Featured in my book “And The Light Comes In”

I'm amazed at how a kind word, an inspiring story, or even just a good walk under tall trees can lift me up out of brooding, sad thoughts. One afternoon, as I was going for one of my long walks under tall trees, I was thinking about how suddenly darkness can lift—even when it seems like it could go on forever. That's when I envisioned The Night Rabbit. It immediately made me smile—that shadow-black bunny, with a shimmering glow of hope around him. He represents all those wonderful thoughts, and beautiful scenes that can sneak up on you even as you were right in the middle of a brooding, sad thought. I believe God sends those hopeful ideas and that's why they're powerful. I love The Night Rabbit!

- Amy

Behind the Story: Out of the Box

Featured in my book “And The Light Comes In”

Most of my life I have struggled with fear. It can be debilitating. It can make you miss out on the beauty around you and paralyze you from trying new things. Fear is the enemy of creativity. I don't think I or anyone else can keep from feeling fearful at times, but I do think we can choose not to make fear our ruler. We can acknowledge our feelings but make our decisions based on truth, hope, love, and kindness. That's what this painting is about. It's about a choice. There is no box that will protect us from pain or sadness. And if we choose to let fear rule us we will lose our sense freedom and hope. Life outside of the box is better than life inside it.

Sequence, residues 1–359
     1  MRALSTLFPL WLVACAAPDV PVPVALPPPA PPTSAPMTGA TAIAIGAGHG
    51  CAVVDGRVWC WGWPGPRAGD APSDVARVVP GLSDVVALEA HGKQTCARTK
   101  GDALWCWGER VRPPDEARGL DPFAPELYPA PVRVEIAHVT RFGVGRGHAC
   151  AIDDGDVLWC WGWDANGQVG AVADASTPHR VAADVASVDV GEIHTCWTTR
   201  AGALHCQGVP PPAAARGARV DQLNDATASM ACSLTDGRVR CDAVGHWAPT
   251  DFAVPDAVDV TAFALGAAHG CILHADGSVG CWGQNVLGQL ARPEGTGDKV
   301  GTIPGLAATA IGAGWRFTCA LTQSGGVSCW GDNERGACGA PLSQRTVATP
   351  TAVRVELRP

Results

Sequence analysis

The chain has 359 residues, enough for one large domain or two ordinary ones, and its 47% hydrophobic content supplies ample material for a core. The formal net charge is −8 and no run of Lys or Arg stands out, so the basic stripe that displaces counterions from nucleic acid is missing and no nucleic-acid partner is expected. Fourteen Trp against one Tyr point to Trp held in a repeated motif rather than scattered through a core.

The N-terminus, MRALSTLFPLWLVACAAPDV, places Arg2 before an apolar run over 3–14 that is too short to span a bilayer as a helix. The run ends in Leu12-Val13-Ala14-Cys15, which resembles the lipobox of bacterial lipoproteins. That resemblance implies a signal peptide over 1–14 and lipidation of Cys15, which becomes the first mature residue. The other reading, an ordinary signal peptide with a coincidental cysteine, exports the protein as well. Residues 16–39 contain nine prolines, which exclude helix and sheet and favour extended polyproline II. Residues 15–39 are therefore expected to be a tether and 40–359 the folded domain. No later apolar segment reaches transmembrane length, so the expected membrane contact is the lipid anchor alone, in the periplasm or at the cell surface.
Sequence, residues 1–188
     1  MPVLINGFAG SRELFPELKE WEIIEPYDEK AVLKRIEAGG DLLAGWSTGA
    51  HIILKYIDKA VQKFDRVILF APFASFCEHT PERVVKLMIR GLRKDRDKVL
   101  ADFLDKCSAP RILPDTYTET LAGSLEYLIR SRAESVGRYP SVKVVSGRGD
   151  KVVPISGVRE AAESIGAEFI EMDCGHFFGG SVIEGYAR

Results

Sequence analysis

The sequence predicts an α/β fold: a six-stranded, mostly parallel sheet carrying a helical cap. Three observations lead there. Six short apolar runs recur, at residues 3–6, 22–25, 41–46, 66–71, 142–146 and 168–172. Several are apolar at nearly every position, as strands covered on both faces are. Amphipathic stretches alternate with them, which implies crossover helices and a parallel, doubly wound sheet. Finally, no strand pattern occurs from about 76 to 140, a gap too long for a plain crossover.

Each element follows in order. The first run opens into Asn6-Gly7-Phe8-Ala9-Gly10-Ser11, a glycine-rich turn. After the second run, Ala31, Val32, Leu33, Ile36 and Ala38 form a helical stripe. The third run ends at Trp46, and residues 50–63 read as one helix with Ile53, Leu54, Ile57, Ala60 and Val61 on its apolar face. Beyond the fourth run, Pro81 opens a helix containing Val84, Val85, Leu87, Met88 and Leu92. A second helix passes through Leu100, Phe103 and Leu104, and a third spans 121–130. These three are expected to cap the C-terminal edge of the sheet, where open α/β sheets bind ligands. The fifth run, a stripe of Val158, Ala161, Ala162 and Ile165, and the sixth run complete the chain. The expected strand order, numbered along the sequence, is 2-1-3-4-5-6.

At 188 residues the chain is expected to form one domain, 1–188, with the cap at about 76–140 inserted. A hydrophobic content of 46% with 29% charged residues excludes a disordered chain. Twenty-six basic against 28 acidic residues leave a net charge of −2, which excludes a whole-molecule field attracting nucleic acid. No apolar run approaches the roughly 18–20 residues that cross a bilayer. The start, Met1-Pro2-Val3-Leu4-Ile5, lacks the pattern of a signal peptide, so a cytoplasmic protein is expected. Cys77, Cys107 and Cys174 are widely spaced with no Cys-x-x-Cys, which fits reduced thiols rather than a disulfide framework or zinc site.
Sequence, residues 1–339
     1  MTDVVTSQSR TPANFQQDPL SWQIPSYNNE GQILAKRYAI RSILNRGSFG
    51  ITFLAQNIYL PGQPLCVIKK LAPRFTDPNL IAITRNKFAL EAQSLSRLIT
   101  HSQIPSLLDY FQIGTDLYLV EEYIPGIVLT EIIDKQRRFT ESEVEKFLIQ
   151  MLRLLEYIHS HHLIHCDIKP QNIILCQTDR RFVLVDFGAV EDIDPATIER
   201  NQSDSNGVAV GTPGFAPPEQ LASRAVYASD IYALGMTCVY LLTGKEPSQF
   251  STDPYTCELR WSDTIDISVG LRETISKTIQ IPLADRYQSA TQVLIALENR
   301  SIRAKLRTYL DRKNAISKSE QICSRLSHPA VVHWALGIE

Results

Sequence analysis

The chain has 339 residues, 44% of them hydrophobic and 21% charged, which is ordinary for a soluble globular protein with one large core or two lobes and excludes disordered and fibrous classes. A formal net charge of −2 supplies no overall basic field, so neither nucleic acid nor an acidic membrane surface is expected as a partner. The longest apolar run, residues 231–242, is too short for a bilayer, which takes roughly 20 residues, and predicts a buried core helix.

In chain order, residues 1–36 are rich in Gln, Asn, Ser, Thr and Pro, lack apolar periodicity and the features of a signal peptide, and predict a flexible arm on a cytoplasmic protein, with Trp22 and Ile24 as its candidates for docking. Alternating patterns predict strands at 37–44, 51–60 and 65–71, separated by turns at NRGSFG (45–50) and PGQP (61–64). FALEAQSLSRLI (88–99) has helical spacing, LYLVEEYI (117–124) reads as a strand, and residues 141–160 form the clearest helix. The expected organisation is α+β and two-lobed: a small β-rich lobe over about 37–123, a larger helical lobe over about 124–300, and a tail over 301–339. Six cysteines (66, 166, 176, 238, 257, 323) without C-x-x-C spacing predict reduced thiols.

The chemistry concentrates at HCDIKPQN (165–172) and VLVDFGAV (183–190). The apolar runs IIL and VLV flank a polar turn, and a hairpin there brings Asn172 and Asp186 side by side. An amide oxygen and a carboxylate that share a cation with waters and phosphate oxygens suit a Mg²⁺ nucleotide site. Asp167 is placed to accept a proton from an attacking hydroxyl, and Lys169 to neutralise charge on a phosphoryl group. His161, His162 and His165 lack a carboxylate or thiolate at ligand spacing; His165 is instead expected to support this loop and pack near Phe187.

- Amy

Source: http://www.storypaintings.net/blog

Thoughts On Worth, God, Vincent van Gogh, and Donald Trump

Lately I've been thinking about worth—maybe it's because of Donald Trump. I keep seeing pictures of him with that, "I'm an extraordinarily valuable person" look on his face. I've been considering how easy it is for people to think of themselves as products. It's not just because of Donald Trump that I've been considering these things. It's also because my husband and I have been working on a book together. A product. And I wonder—how will that go? Will it be a success? What if it's not?

Other people's opinions of me or my book are not my source. Success is not my source.

I've been reading a book called, The Artist's Way. In it, the author talks about the concept of "God as my source." The way I'd explain that concept is like this: The book I've written and illustrated is not my source. Other people's opinions of me or my book are not my source. Success is not my source. Instead, I'm recognizing God as my source—my source of creativity, hope, joy...everything I need. This idea has been helping me a lot. With God as my source, my fears fall away. Somehow this feels closely connected with the idea that results do not determine my worth. My worth is determined by God. I've found rest in that.

I bet Vincent van Gogh was a high/low guy—hence the "ear incident".